Women Scorned, Courted by Colonel of Love

— U.S. Army Col. Kassem Saleh seemed like a dream — a Taliban-battling soldier with the soul of a poet who wrote intoxicating love letters home.

The trouble was, he was doing a lot of writing. Saleh was allegedly romancing and even proposing to some 50 women across the United States and Canada whom he had met through online dating sites including www.Christiansingles.com, Match.com and tallpersonals.com. Worse still, he is reportedly married.

''You are my world, my life, my love and my universe," Saleh allegedly wrote in one cyber love note.

Another woman said she received this e-mail from Saleh:

"You and the thought of you have created a desire so deep within my soul that I cannot fathom a time I will ever be without you."

The women found out about the multiple proposals after an Internet news site ran a story about a woman in Washington state who said she was waiting to become Saleh's wartime bride. Soon, calls were pouring into KNDU-TV from other women who said that they were engaged to Saleh.

Romancing the 'Monk Warrior'

Robin Solod, 42, of New York, is one of the women who says she was duped.

Seven months ago, she met Saleh through the www.tallpersonals.com dating site, and they began an online courtship. She felt that Saleh's letters were more romantic than the works of poets William Butler Yeats or Robert Browning, and she soon fell in love, Solod said.

Then, five months ago, the 50-year-old colonel proposed. Solod said yes. Then she read about another of his "fiancées" on the Internet.

"I was crushed … the total deceit, the betrayal," Solod said on ABCNEWS' Good Morning America.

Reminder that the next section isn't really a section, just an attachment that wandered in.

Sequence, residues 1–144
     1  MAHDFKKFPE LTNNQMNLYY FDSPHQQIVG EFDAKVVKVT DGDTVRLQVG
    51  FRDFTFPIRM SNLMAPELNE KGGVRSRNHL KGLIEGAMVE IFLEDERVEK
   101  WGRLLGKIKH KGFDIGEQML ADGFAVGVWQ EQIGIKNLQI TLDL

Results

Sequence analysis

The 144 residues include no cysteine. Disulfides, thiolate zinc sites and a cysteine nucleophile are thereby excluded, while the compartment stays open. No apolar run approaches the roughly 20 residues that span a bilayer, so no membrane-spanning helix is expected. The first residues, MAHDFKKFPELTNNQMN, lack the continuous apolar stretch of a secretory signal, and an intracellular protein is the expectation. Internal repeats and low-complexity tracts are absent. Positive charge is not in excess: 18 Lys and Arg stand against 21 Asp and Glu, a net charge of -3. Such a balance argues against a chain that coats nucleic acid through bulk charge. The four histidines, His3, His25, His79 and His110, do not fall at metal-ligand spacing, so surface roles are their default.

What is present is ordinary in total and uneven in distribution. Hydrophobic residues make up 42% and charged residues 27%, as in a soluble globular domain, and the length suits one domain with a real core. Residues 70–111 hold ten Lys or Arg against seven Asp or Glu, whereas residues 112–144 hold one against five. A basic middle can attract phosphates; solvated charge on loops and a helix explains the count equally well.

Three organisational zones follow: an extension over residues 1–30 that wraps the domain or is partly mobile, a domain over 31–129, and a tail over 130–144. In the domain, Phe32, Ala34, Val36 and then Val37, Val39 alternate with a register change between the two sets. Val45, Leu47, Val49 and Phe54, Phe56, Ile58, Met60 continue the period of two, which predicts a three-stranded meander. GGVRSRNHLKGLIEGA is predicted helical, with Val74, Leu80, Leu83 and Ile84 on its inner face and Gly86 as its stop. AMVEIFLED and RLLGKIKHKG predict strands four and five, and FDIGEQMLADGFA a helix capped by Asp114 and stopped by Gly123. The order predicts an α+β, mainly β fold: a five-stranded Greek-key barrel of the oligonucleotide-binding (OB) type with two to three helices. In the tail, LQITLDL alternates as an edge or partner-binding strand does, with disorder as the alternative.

Solod said Saleh told her that the reports of his many proposals were false. "Now, this girl from Brooklyn was born at night, but not last night," said Solod in response to Saleh's excuse. She says he never apologized to her.

Some of the women say Saleh claimed to be divorced and called himself the monk warrior because he hadn't had sex in 10 years. Though she was impressed with his action-packed adventures in the military, it was Saleh's flowery words that drew Solod.

"The letters were totally intoxicating," Solod said. "He totally swept me off my feet," she said.

Army Investigating Colonel

The women say Saleh interspersed the e-mails with phone calls from what he termed "the front lines" in Afghanistan. While he was proposing to some of the women, he reportedly remained lawfully married to a wife who continues to share a home with him in Fayetteville, N.C.

The Army is investigating the incidents, though it is unclear at this point whether his alleged actions violated either criminal law or Army regulations. Saleh is a 29-year Army veteran who helped bring down the Taliban, and later helped lead reconstruction efforts in Afghanistan. He is currently stationed with the Army's 18th Airborne Corps at Fort Bragg, N.C.

Solod said she would like to see Saleh court-martialed. She said that he sent her a photo of a motorcycle with a bomb on the back which she understood to be a piece of confidential military information. Solod came out in public about the issue because she said that the Army was such a "sexist" institution that she feared there would be no reprisal for Saleh from the military.

What Phone Call?

At least two of the women had already purchased wedding gowns. Now, the women are comparing e-mails and finding that Saleh must have cut and pasted the same copy into multiple letters.

Another woman who said she met Saleh through www.tallpersonals.com, where he claimed he had been 6'5" until parachute jumps caused him to shrink down to 5'9", said she became suspicious when Saleh slipped up in a e-mail to her.

In it Saleh wrote "when we got off the phone in the middle of the night," but the woman, who wanted her name withheld, said he had never called her.

Solod said she got caught up in the romance, and even her therapist warned her that something was awry after he proposed. She is now dating another man she met through a dating site, but she says she is much more careful now. Still, Solod says she would like to see Saleh come to terms with what he did to her and the other women who believed he loved them.

"He has to have accountability," Solod said. "I would refer him to the American Psychiatric Association. This is a man that has no sense of conscience," she said.